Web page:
Virtual learning may not seem optimal for interacting with the natural world, but for the teenagers in the Philadelphia Watershed Stewardship Program, digital instruction has been a source of empowerment.
Now in its fourth year, the program has more stewards than ever before. Students from more than 40 high schools applied to the program to learn about watershed issues and to become advocates and changemakers.
In previous years, the stewardship program, created by a partnership between nonprofit LandHealth Institute and the Philadelphia Water Department, has been almost entirely hands-on.
Stewards have collected more than 600 pounds of trash around Cobbs Creek, operated the water department’s underwater rover to document unique environmental challenges in Naylors Run, and marked storm drains throughout Philadelphia. Now that the program has shifted to an online format, activities have changed, but the focus of the program has remained the same.
“This year, we didn’t want to stop the program. We share videos with them that I shoot—videos of parts of Philadelphia. They can take virtual field trips and [participate in] interactive weekly Zoom sessions,” says Scott Quitel, founder and CEO of LandHealth Institute.
The first half of the program focuses on the ecosystem around Cobbs Creek. Stewards learn about stormwater runoff, local animal and plant life and the challenges of the combined sewer system. In the second half, stewards expand their focus to other parts of Philadelphia, as well as the surrounding area. As they gain knowledge, they gain the chance to share their experience and expertise with their surrounding community. Stewardship is the true focus of the program.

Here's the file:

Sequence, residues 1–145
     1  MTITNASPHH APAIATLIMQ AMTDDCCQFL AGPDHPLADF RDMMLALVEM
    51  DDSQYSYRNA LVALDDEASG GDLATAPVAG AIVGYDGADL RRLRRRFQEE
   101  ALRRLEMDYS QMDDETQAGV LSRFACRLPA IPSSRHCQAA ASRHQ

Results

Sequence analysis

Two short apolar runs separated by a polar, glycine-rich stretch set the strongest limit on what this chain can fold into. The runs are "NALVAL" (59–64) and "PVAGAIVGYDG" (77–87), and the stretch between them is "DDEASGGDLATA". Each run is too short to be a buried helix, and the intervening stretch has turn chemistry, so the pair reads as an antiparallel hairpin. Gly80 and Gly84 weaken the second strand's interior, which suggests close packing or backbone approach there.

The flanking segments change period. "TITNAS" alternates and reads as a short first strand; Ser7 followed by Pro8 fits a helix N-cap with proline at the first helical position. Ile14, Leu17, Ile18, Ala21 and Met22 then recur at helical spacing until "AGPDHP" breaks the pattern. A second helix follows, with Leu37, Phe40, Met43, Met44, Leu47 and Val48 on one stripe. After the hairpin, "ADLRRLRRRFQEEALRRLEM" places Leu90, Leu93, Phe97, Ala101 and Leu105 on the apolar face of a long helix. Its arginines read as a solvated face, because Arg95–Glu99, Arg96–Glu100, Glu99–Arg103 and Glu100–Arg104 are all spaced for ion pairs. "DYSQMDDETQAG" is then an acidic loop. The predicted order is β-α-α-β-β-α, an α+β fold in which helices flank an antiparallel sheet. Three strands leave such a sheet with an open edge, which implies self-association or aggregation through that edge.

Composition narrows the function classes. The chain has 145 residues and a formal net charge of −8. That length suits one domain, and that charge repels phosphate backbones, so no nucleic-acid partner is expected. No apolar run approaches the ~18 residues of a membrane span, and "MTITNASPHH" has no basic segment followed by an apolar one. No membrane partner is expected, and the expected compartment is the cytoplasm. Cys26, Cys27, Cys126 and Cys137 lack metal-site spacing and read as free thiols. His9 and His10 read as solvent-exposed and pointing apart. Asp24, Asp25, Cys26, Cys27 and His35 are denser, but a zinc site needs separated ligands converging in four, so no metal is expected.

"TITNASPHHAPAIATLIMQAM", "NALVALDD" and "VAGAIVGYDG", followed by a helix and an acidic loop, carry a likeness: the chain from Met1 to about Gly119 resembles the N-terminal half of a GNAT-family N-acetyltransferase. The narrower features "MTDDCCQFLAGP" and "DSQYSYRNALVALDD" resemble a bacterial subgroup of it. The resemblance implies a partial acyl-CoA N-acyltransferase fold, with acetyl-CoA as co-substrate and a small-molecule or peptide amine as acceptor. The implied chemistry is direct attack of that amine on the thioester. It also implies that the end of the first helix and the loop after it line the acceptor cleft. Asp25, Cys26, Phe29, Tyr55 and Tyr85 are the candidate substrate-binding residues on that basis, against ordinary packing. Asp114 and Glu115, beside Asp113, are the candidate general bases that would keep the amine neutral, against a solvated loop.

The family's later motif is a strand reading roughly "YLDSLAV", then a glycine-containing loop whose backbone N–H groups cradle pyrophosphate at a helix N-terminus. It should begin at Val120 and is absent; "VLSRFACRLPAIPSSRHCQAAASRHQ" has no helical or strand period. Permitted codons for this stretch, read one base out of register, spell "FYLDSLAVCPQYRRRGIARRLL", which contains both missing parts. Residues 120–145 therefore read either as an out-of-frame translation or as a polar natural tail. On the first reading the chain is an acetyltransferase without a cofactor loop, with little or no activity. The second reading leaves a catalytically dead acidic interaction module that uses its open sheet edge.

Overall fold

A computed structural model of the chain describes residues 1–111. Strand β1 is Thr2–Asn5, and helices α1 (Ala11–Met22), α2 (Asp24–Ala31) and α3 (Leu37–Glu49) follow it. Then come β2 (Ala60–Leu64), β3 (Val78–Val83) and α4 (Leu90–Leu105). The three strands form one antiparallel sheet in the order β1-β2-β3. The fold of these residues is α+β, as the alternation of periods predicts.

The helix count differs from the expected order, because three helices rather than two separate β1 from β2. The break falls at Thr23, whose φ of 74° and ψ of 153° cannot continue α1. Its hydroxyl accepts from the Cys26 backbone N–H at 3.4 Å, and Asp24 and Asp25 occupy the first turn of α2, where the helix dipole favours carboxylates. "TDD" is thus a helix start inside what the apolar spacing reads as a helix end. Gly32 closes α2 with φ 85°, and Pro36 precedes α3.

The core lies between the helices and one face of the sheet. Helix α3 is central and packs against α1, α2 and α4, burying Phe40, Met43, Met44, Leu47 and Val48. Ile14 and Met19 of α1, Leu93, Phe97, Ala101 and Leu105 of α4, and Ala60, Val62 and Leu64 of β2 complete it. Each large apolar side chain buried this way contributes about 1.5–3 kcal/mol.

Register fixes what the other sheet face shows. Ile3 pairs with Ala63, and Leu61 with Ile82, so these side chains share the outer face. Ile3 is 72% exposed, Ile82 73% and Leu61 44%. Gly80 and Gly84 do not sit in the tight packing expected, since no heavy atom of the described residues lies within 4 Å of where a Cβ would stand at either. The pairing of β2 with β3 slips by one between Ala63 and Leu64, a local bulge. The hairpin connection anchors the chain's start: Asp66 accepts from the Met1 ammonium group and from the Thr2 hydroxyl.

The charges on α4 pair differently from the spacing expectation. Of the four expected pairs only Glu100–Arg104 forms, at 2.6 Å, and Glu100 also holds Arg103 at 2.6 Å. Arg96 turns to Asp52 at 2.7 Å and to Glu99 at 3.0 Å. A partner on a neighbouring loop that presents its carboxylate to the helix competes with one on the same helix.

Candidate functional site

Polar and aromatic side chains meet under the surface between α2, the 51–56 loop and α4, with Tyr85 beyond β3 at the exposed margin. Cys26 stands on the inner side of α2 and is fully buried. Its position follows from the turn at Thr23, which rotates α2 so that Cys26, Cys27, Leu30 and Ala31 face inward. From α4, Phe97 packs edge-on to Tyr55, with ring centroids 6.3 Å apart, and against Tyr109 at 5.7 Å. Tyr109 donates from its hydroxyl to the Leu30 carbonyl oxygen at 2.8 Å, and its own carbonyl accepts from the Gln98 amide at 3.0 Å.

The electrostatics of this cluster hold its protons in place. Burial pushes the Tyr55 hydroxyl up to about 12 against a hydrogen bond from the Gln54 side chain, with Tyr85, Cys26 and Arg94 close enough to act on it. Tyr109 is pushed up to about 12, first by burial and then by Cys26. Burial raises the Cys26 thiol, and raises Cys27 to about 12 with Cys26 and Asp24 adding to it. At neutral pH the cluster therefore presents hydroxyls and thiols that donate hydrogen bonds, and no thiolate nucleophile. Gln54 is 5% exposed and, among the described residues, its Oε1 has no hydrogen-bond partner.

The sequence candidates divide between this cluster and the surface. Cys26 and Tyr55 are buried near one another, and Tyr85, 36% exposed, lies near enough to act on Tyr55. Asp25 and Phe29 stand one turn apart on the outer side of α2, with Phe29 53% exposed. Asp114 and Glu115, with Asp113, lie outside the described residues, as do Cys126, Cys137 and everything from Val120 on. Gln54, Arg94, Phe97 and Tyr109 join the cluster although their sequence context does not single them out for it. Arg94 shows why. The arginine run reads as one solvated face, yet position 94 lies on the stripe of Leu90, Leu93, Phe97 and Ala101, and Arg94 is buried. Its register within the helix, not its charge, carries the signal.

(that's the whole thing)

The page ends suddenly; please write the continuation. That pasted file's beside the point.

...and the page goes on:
“Our program’s not about becoming a scientist. Our program is about empowerment. We need knowledgeable stewards. We teach them how to teach others,” Quitel says.
One of the best ways to learn and teach is by forming connections. Quitel has emphasized this by reaching out to various groups with a similar focus on water and ecology.
“If there’s something watershed related going on, we try to connect them with that. It opens up doors,” Quitel says.
This year Quitel connected the stewards with Villanova professor Hezekiah Lewis and several Villanova students who participated in the filming of the documentary “From the Ground Up,” created by student production company Glass Rose Films. The documentary focuses on the unequal access to clean water in the Singida region of Tanzania. The stewards viewed the documentary and discussed it with Lewis and the student filmmakers.
Watershed steward and 17-year-old high school student Owen Moss believes the film’s “unusual style” gives the residents of Tanzania their own voice. In the documentary, there is no narration or talking heads. Rather than taking an outsider perspective, the film observes without taking a stance.
“The students were not there to give those people a voice,” Moss says. “They’ve already got a voice. Instead the film acts as sort of an amplifier.” The filmmakers “may be holding the microphone, but they’re not speaking into it.”
Moss believes working as a steward is also a form of amplification. It is about advocating for change by giving people a chance to speak for themselves.
The difference between clean water access in Philadelphia and Tanzania was also a part of the discussion between the stewards and the Villanova filmmakers. Many stewards were shocked to learn how much effort it takes to gather clean water in Tanzania.
“It makes you think about how lucky you are to have running water,” steward and 17-year-old high school student Imani Mitchell says. Mitchell joined the Philadelphia Watershed Stewardship Program with her twin sister Nia.
In previous years, the stewards interacted with neighbors and community members at in-person events. Although their interactions have shifted to a digital platform, their community building has not stopped.